I thought outside the box and came up with a new way of designing. This was an approach I never used before and once I did, everything came together so much more easily.
Here’s what I must have looked like when I got out of that creative block:
3. Get curious
As a creative, I’ve got no doubt that you’re a naturally curious person but, I want you to push your boundaries. Give yourself small (and fun!) challenges. Here’s a few ideas:
- Typically listen to instrumental music while you work? What happens when you listen to ’90s hip hop?
- Go to a museum or exhibit you haven’t been to already. (I personally love science museums)
- What’s it like to work solely by candlelight?
- Learn an interesting (and somewhat random) new skill on Skillshare.com* – this is an affiliate link
- Join a friend on a date to enjoy one of their interests (e.g. watch a small independent film, go to a costuming exhibit, go on one of their favorite hikes). Keep an open mind and ask questions.
*Get 2 months of unlimited classes free when signing up with my affiliate link.
4. Do some journaling
Now, I don’t mean that you should do any ol’ journaling – although that is a great tool to capture your feelings. I mean do stream of consciousness journaling.
What is stream of consciousness journaling?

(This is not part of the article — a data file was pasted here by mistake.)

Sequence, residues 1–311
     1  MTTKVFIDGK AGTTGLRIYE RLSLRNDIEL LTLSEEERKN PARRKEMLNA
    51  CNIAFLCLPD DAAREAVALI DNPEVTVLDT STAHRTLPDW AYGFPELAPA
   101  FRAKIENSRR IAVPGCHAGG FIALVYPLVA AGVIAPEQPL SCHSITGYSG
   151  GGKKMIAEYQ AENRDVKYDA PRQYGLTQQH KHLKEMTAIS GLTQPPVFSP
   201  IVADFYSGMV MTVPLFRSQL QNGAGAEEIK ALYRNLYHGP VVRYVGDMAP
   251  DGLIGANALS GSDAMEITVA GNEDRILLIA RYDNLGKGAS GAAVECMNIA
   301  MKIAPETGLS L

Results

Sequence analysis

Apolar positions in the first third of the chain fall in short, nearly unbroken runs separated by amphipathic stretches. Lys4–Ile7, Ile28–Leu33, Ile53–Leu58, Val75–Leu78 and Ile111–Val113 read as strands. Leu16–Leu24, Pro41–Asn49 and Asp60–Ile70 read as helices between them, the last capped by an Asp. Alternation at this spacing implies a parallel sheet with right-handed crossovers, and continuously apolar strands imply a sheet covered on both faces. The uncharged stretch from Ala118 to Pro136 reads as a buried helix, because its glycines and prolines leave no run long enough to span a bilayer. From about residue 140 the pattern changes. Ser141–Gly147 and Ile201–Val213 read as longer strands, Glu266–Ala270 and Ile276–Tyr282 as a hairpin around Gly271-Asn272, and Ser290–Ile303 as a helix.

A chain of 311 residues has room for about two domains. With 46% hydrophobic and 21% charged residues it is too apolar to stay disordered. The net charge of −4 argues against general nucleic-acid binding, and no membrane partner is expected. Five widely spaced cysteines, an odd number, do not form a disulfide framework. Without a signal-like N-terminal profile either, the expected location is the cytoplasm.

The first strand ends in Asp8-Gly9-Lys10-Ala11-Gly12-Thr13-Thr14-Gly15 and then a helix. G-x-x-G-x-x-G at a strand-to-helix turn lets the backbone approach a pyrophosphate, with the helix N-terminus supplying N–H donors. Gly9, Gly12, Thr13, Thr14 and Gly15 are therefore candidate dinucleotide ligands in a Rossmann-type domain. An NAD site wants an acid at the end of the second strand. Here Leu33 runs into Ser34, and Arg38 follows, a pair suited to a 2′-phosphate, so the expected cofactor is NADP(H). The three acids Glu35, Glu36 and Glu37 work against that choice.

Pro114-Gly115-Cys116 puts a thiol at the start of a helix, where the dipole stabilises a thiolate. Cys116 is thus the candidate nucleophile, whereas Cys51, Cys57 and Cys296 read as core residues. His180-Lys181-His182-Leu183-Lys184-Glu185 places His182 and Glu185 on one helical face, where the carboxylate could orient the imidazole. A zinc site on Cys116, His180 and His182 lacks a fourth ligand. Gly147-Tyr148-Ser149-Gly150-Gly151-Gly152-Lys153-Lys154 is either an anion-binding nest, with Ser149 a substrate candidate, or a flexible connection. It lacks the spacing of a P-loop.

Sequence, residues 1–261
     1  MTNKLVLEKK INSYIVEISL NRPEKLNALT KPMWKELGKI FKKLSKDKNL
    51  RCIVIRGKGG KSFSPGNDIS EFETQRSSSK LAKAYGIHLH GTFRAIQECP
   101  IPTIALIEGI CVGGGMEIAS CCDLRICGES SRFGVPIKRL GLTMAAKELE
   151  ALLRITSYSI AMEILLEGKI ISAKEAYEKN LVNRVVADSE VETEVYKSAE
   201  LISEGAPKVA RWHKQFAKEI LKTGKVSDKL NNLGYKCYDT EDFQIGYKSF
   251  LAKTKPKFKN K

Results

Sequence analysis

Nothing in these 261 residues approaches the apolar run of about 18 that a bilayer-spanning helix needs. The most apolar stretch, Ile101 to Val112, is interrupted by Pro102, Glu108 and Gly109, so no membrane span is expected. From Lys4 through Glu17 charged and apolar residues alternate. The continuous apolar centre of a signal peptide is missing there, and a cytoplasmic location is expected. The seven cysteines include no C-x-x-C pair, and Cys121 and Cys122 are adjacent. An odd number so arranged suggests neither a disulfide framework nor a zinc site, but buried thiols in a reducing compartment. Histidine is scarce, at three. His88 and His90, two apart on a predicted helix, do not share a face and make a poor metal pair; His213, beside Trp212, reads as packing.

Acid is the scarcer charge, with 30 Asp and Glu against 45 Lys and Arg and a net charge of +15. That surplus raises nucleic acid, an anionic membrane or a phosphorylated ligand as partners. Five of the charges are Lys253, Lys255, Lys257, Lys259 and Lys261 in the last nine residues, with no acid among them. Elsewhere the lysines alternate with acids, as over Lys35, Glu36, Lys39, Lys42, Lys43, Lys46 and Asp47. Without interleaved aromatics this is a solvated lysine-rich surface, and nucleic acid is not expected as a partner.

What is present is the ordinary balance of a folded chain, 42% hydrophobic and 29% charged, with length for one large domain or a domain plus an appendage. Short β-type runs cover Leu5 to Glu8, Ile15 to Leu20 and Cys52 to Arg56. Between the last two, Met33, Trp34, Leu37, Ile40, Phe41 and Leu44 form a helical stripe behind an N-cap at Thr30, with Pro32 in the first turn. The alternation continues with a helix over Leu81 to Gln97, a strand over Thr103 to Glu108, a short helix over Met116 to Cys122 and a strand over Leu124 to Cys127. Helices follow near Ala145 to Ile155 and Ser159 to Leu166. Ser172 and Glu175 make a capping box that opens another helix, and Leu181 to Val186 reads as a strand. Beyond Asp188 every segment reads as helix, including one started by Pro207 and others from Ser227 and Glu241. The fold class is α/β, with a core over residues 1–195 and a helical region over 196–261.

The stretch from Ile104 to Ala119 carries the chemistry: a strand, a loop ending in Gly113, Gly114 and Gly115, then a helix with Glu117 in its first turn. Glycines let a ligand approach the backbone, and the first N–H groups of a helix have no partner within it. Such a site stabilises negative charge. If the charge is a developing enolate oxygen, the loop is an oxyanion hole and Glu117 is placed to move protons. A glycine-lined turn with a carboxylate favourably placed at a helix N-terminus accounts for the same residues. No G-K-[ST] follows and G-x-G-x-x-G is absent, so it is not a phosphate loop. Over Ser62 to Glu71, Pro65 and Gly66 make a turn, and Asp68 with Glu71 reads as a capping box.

Stream of consciousness journaling is essentially a mind-dumping technique in which you write down any and every thought that comes into your mind as it makes itself known. This means you might write something like, “Umm… I don’t know what to say but I can tell you that this might be interesting and hey there’s a cute squirrel at the window”.
Yes, it can be somewhat random but it’s a wonderful way of getting your brain clear and some even use it as a sort of meditation. The important thing to remember is to go into it without judgment and have patience. You probably won’t come up with any “a-ha!” moments immediately.
Here are a few guidelines:
- Set a stopping point. This can be either a timed stop or stopping once you reach a certain number of pages.
- It’s best to do this first thing in the morning.
- Write everything that pops into your head. Everything. The mundane, the silly, the bonkers, and even the most boring of boring thoughts.
5. Get your body moving
A lot of times when we’re stuck in a creative rut, it doesn’t just live in our minds. Nope! As we’re so frustrated with being blocked, it also shows up as tension in our bodies. So get to stretching, put on a fun playlist, and just dance.
Dance like no one is watching, queen.
There you have it: 5 tips to getting out of a creative block!
What I want you to get out of this is this main point: to get of a creative rut you need to get out of your comfort zone.
You need to be open to being surprised and to experiences that you might not have even considered before. Inspiration tends to live in those unexpected moments so get out of your own way. Change your perspective, your point of view, your routine.
Tell me: what’s one of your favorite ways to getting out of a creative rut?